LLI Summer 2018-digital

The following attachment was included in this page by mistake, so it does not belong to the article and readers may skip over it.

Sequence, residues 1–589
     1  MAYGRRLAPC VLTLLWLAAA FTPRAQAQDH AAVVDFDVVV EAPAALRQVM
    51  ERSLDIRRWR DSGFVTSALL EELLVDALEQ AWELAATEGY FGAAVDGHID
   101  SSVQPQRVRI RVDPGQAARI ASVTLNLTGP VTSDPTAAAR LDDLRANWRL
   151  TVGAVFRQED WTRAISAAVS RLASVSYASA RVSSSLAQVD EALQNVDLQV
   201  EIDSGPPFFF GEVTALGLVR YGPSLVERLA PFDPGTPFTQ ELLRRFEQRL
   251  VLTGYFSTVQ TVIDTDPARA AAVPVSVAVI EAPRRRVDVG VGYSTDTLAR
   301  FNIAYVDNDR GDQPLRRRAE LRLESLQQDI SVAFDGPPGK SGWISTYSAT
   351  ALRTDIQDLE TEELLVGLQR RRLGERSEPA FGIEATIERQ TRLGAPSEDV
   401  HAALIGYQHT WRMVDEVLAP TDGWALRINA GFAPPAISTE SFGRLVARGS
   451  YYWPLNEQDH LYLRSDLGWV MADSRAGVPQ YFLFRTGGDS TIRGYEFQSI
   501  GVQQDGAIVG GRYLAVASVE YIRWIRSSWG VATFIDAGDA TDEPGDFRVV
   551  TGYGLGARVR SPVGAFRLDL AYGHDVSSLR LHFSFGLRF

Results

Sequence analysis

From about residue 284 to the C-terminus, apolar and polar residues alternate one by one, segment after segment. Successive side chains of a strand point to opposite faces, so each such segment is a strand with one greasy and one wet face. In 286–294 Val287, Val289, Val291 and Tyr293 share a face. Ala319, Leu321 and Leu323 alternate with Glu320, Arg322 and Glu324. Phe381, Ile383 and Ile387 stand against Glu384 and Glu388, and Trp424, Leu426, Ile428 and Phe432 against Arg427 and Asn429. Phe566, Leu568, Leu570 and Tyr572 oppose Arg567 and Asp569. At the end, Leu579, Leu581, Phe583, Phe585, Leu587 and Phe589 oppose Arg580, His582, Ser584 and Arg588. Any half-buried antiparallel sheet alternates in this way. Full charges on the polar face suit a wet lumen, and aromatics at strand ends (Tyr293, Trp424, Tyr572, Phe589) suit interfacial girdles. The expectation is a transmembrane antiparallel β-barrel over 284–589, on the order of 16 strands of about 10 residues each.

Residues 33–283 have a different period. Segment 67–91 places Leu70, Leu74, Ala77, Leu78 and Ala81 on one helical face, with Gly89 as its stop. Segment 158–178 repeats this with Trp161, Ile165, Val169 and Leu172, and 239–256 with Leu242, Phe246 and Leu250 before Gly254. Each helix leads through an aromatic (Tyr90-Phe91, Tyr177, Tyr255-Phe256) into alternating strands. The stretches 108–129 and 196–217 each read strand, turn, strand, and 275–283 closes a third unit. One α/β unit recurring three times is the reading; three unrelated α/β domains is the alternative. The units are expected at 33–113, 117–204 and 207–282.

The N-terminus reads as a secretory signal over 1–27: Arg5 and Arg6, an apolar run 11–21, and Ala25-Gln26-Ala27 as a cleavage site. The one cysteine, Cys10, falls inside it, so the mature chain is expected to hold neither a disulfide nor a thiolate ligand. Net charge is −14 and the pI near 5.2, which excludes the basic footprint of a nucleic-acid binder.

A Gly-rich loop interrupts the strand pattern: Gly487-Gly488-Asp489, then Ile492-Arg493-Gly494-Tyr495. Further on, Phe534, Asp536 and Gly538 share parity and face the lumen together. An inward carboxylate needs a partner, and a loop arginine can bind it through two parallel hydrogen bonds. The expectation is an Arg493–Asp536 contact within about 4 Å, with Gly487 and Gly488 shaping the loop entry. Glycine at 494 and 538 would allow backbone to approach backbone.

Lifelong Learning Institute Exploring the Universe Cosmology, Black Holes, & Prospects for Extraterrestrial Life Presented by Dr. Michael Stamatikos Date & Time: Thursdays, July 5, 12 & 19 10 a.m.–12 p.m, 1179 University Drive Newark, Ohio, Hopewell Hall Date & Time: Monday, July 30, 10 a.m.–12 p.m. , SciDome at The Works Ohio Center for History Art and Technology, 55 S. 1st St. Newark, Ohio (field trip, self-drive) About the Course: Embark upon the ultimate 13.8-billion-year journey as we explore the evolution and fate of the Universe via the scientific detection of cosmic multi-messengers: photons, neutrinos and gravitational waves, which have revealed the age, size, structure and composition of the Cosmos. Trace our refined understanding of gravity, which spans Aristotle, Galileo, Newton and Einstein, in the context of Nature’s most enigmatic creations: black holes - extreme places in space-time where gravity prohibits even light from escaping! Learn how scientists make indirect observations by transforming orbiting robotic satellites into time machines, which have exposed the ubiquity of black holes - even within the center of our own Milky Way Galaxy! Dr. Stamatikos will make direct connections to his NASA-based astrophysical research on Gamma-Ray Bursts (GRBs) and motivate the impact of current and future missions upon prospects for extraterrestrial life and intelligence. We’ll examine how our best theories, converge to the ironic precision of knowing that 95% of the Universe is currently unknown! Instructor Bio: Dr. Michael Stamatikos is an Assistant Professor of Physics and Astronomy at Ohio State, and a NASA Astrophysicist. His Ph.D. (2006, SUNY at Buffalo) was based upon work performed at the Amundsen-Scott South Pole Station in Antarctica. Stamatikos is spearheading a state-of-the-art digital SciDome at The Works that will uniquely provide an immersive, interdisciplinary educational environment. In that regard, Stamatikos serves as the Founding Director of the SciDome and The Works’ first Chief Science Officer. His continued passion for education and public outreach has garnished Ohio State’s Best New Undergraduate Research Mentor (2016), Teaching Excellence (2017) and Service (2017) awards. He has been featured in “The Columbus Dispatch,” is a guest columnist of the “Newark Advocate” and makes invited public appearances. He has been widely recognized for his work on Swift, which has been ranked the best science mission in its class in two consecutive NASA biennial senior reviews. Stamatikos won the Bruno Rossi Prize in 2007 and 2011 from the American Astronomical Society for major advances in the scientific understanding of GRBs. He’s co-authored over a hundred scientific articles in peer-reviewed journals such as “Science and Nature,” and serves as an invited peer reviewer for NASA proposals and “The Astrophysical Journal.” He also presented at COTC’s Global Business & Education Conference in 2017. 13